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Randomised controlled trial
Group-based educational interventions in 11–16-year-olds can be effective in supporting suboptimal diabetes control
  1. Carole Gelder
  1. Leeds Children's Hospital, Leeds & University of York, Leeds, UK
  1. Correspondence to: Carole Gelder, Children's Diabetes Offices, St James Hospital, Becket St, Leeds LS9 7TF, UK; carole.gelder{at}

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Implications for practice and research

  • Following a diagnosis of diabetes, group-based interventions should be part of a ‘toolbox’ of resources for children and young people (CYP) and parents and be embedded within routine care.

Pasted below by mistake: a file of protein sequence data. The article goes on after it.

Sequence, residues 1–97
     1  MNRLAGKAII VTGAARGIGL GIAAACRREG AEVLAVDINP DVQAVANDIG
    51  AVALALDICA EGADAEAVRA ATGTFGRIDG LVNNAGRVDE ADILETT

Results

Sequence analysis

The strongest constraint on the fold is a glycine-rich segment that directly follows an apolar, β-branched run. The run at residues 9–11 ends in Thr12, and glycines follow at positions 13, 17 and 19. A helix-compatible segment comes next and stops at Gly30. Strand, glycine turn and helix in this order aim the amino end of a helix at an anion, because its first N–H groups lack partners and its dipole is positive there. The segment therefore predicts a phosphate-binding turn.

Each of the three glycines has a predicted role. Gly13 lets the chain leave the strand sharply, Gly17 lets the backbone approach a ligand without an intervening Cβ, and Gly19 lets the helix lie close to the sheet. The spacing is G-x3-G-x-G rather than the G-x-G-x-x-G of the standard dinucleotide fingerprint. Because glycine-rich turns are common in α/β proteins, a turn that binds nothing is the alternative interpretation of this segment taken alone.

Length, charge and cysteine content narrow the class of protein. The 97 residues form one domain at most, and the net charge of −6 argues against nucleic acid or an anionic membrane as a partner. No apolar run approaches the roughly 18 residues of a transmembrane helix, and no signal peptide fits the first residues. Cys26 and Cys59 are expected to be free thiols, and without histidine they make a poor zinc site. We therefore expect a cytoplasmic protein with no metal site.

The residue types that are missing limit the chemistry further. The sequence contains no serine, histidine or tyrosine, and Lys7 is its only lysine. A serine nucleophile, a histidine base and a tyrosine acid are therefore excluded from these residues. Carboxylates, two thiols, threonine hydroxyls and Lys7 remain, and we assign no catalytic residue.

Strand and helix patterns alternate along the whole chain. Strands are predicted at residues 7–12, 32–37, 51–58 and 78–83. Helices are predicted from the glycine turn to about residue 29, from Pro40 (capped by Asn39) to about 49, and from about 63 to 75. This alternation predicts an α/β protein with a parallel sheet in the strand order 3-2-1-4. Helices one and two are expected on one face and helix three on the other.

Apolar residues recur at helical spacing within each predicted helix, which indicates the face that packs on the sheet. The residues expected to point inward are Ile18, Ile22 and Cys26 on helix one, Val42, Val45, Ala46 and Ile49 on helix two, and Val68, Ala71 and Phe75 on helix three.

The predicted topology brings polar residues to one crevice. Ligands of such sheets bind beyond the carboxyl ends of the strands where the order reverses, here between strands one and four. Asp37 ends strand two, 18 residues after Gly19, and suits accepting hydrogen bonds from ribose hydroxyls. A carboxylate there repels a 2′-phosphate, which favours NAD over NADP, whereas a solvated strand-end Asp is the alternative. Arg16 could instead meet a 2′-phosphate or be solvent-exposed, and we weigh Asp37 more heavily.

• Group sessions delivered by trained educators, following an interactive developmentally appropriate curriculum may be particularly appropriate for 11–16-year-olds with suboptimal (HbA1c>80 mmol/mol, 9.5%) control.

  • Involving CYP and parents in and throughout the research process is key to enhancing engagement and ensuring research is relevant and meaningful.

  • Evaluating the impact of group dynamics, daily peer support and parental involvement could enhance future studies.


On average only 18.4% of children and young people (CYP) with diabetes are achieving HbA1c values below 58 mmol/mol1 and even less the revised target of <48 mmol/mol.2 National recommendations for CYP with diabetes emphasise the importance of intensive diabetes …

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  • Competing interests CG reports personal fees from Medtronic and Animas Education Advisory boards and the FIT Steering group from outside the submitted work. PKJ and KJA contributed in teaching at the University of York and were colleagues in the Yorkshire and Humber CYP Diabetes Network until recently.

  • Provenance and peer review Commissioned; internally peer reviewed.